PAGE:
Friday, January 8, 2016

Star Alliance Embraces Tech Challenges

Star Alliance founder member United Airlines’ network operations center in Chicago keeps abreast of flight planning, weather forecasting, crew scheduling, maintenance control and ATC liaison. (Photo: Neelam Mathews)
Airlines pay a steep price for their memberships in global alliances, but with those costs come the benefits of pooled investment in modernizing information technology hubs and connectivity systems. For Star Alliance, the use of technology to accelerate complex booking and operational processes ranks among the chief advantages, according to executives attending a recent chief executive board meeting in Chicago hosted by founding member airline, United.
In June, Star Alliance collaborated with Sabre to use an industry-first technology to simplify booking of its Round the World fares. Travel agents connected to the Sabre global distribution system (GDS) can now book and automatically calculate the corresponding fares. In the past they often had to calculate pricing manually due to the routings involved in RTW traffic. Meanwhile passengers can now get their boarding passes for all legs of their journey and receive miles for every portion of their trip.
Star also plans to apply lessons learned from running new common IT processes at London Heathrow Terminal 2. It has found the model suitable for airports where existing infrastructure issues or space constraints limit operations. Examples include São Paolo’s Guarulhos, Tokyo Narita and LAX in Los Angeles. “Because each airport terminal is different, solutions will be different,” Star Alliance corporate vice president Christian Klick told AIN. “But we are able to include both process as well as technology solutions in all three. These include ground handling standards, self-service solutions and many behind-the-scenes processes.” Work has started to allow Air India to join Star members at Heathrow’s Terminal 2.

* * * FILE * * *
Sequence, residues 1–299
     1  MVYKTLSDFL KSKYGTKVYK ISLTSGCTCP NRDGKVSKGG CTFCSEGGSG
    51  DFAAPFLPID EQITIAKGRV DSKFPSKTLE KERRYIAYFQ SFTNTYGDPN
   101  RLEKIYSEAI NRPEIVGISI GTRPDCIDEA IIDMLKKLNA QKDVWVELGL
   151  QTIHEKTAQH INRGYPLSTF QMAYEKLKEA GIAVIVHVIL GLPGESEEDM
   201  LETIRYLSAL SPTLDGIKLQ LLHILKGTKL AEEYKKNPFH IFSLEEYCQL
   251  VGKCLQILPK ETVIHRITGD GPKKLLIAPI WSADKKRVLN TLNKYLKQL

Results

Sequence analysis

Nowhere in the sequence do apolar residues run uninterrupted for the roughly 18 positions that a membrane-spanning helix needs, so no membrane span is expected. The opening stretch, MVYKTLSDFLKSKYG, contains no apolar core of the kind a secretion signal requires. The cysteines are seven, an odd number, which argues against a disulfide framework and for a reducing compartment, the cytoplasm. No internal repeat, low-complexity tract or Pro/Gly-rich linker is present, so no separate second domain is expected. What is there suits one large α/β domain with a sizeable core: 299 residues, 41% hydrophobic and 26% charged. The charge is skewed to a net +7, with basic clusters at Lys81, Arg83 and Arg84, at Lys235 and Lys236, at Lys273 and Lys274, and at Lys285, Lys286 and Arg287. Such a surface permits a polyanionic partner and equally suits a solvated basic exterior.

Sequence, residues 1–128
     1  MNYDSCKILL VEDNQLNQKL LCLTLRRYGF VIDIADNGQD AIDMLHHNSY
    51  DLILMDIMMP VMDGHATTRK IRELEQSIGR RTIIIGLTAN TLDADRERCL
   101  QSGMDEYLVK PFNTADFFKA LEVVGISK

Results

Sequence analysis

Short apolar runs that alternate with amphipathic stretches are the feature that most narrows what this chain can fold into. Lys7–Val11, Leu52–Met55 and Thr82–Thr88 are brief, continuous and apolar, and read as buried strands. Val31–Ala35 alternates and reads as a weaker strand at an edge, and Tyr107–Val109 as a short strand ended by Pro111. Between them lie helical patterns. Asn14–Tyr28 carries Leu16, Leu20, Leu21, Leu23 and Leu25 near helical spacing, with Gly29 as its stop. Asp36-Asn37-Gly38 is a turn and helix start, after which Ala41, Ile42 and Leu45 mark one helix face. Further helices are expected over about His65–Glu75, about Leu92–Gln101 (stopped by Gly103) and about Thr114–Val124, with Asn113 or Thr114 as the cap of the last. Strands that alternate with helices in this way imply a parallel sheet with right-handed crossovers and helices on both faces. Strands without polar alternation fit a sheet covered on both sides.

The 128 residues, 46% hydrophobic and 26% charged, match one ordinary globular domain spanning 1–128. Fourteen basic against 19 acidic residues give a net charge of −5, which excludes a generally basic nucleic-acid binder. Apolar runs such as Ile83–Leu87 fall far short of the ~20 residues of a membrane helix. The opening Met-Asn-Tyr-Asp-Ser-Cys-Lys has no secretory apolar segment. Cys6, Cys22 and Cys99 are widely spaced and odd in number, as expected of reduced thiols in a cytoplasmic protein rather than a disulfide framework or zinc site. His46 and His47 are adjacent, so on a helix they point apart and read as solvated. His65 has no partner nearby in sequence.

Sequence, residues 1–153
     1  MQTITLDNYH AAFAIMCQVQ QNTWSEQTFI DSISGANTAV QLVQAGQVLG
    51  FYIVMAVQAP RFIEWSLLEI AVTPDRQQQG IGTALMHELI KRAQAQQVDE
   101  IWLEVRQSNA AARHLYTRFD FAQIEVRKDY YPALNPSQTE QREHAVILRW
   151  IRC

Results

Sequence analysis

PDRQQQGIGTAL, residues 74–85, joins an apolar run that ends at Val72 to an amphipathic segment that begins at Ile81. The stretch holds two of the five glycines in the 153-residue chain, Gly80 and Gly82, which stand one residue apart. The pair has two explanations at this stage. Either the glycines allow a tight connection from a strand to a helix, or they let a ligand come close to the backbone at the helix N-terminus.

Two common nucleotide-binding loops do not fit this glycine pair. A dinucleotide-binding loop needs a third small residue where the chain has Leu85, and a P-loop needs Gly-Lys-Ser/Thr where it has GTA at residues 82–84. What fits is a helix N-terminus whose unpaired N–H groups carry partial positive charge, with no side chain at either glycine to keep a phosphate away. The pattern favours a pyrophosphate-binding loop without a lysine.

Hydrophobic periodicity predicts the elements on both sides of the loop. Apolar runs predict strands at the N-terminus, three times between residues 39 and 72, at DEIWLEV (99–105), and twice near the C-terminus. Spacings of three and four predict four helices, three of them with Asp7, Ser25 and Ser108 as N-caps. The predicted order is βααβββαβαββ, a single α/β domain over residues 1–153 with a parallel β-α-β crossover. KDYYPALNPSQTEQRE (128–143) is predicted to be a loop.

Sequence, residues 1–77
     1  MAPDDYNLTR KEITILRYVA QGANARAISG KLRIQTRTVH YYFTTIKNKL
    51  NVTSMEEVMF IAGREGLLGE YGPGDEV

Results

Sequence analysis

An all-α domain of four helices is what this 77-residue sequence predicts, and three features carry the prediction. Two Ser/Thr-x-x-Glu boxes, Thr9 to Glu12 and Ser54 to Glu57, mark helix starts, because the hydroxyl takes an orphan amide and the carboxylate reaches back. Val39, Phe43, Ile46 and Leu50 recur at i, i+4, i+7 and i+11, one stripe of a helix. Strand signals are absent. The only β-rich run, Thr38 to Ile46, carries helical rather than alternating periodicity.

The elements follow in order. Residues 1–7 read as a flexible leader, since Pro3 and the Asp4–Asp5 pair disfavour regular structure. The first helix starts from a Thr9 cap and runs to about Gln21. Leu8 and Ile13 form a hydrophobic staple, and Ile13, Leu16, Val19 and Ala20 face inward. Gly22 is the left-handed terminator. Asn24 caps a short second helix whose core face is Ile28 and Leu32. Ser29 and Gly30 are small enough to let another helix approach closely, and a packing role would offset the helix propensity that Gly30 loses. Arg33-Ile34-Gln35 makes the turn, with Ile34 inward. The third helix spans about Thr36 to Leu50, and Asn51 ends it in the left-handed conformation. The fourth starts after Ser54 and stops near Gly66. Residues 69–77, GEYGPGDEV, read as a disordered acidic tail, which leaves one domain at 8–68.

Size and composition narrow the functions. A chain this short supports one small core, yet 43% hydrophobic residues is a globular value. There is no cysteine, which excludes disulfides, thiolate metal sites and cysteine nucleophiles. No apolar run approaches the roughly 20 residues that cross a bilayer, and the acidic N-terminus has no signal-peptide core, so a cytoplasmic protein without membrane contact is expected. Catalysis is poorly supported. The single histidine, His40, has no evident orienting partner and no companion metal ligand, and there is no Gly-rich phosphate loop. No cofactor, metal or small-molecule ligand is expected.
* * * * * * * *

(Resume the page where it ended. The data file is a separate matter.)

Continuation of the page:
Star Alliance has continuously invested in developing and implementing “plug and play” systems, a concept that allows any member carrier to link its IT systems into a hub operated by the alliance, rather than having to create bilateral IT links. The concept allows Star Alliance carriers to issue boarding passes for all connecting flights on virtually any combination of interline itineraries. It has finished implementing two IT hub applications for frequent flier programs, said Klick. As a result, it has eliminated retroactive mileage crediting. In addition, the new system allows for a near instant update of the roughly 20,000 daily frequent flier status changes across all 28-member carriers.
To fulfill Star Alliance’s proposition that you can earn status miles and redeem them across the whole network, these systems have to sync behind the scenes,” said Klick. “These two big projects have made this much easier and both of them are online already….Less manual intervention is required and a lower error rate lead to efficiencies for the member airlines.”
Star Alliance has also introduced dedicated security lanes under the Star Gold Track branding for first- and business-class customers at around 70 airports worldwide. It plans to add more locations this year along with Gold Track Immigration at certain airports.

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